-- Monday Morning Outlook, November 26, 2018

The SPX's 80-week moving average -- at 2,678, and just below the trendline connecting the October and December peaks -- is very much in play again. In late November and early December, I discussed the historical significance of this off-the-radar moving average. The excerpt above highlighted the consequences of a significant break of this trendline, which subsequently occurred in the first week of December and preceded an immediate 10% decline in the SPX to its 160-week moving average, following historical script.

The risk to bulls is a repeat of 2008, when the SPX broke below the 80-week moving average in January, declined into March, and then retested the 80-week moving average in May, but failed to overtake it. After the failure to take back its 80-week moving average in May 2008, the SPX went on to lose about 50% of its value into March 2009 (see the first chart below).

Given the historical significance of the 80-week moving average and the pattern that emerged with this trendline in 2007-2009, it is a good idea to keep this longer-term moving average on your radar, especially since it has marked SPX highs during the past two weeks (see the second chart below). SPX crossovers above this trendline, after trading down to the 160-week moving average like we saw in December, proved to be good long-term buying opportunities, but have had mixed results as far as being short-term buying opportunities.

If a pullback does occur from the area discussed above, a potential area of support is around 2,580-2,590, which marked the lows in February and March of last year. If this area were to break, big put open interest strikes in the February series begin coming into play on SPDR S&P 500 ETF (SPY - 265.78) options, which could send stocks spiraling lower. This is a topic that we will discuss in further detail as we move closer to expiration or if the SPY moves down to these put-heavy strikes in the coming days or weeks.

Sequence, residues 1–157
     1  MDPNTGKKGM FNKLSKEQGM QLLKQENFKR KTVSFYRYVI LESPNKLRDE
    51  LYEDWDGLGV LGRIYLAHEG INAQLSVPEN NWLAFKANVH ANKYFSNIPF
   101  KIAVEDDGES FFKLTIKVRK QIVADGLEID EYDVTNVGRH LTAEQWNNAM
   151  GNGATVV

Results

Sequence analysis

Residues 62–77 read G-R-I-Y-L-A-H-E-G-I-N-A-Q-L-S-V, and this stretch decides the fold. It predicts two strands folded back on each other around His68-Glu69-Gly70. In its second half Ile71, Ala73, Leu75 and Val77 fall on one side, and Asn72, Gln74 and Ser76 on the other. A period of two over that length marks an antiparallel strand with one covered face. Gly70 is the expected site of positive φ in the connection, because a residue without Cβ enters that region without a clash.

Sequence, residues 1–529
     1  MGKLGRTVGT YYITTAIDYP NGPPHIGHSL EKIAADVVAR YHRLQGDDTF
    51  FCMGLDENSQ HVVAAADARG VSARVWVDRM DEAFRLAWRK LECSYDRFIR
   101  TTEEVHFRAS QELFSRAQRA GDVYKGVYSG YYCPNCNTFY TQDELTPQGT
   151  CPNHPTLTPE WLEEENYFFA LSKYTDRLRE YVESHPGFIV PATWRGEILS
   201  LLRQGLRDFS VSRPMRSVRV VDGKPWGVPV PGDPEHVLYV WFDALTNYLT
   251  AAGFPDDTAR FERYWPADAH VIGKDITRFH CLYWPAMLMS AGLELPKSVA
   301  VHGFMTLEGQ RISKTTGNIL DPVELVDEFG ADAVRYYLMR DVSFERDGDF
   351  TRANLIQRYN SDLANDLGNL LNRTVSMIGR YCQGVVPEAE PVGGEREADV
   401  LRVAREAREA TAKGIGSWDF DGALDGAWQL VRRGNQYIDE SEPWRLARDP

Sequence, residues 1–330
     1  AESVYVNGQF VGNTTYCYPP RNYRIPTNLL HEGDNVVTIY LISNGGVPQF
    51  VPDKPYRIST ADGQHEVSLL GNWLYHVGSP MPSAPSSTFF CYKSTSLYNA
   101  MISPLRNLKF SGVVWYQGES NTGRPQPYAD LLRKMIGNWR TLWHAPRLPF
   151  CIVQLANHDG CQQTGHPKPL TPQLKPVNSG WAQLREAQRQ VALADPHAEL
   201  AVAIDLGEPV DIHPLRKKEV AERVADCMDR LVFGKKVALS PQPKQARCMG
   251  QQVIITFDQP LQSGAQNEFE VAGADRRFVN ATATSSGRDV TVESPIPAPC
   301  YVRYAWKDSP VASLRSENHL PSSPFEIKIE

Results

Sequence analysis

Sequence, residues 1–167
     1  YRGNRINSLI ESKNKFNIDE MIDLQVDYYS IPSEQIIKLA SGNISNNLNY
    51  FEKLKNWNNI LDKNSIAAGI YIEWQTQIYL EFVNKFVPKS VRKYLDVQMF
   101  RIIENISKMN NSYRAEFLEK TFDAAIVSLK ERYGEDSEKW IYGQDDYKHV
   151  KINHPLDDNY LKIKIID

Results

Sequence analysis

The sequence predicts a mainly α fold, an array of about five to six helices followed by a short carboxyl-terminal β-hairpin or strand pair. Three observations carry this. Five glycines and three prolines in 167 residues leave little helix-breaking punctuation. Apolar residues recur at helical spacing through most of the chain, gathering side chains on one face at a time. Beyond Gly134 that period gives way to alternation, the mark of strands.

spx jan 2007-jun 2009 80-week ma chart

spx jan 2017-present 80-week ma chart

"Investors, meanwhile, have added some $4 billion to stock funds this month, after withdrawing nearly $100 billion in the fourth quarter. Those inflows have helped the S&P 500 recover more than 13% since bottoming Christmas Eve, leaving the index nearly 8% below September's record high. But some analysts and money managers say they fear the stock market recouped its losses too quickly."
-- The Wall Street Journal, January 21, 2019

10-day put-call volume ratio 0125

Whether it is investor sideline cash coming back into the equity market after $100 billion in stock fund outflows last quarter, or a continued unwinding of the multi-year high in negative sentiment attained by equity option traders in the fourth quarter of 2018, the sentiment landscape suggests there is fuel to push the market higher. That said, a slew of potential technical resistance levels remain overhead, so be cognizant of these levels to appropriately assess risk. Multiple uncertainties continue to linger -- including the shutdown, as the bill signed by Trump on Friday opens the government only through Feb. 15. Other uncertainties weighing on investors also remain unresolved, whether that relates to the Fed or China-U.S. trade talks.

And let's not forget that we are entering the height of earnings season. As more and more companies release earnings, option premiums on equities will decline, making them attractive for managing all of the uncertainties that lie ahead, whether they are used for hedging or speculative purposes.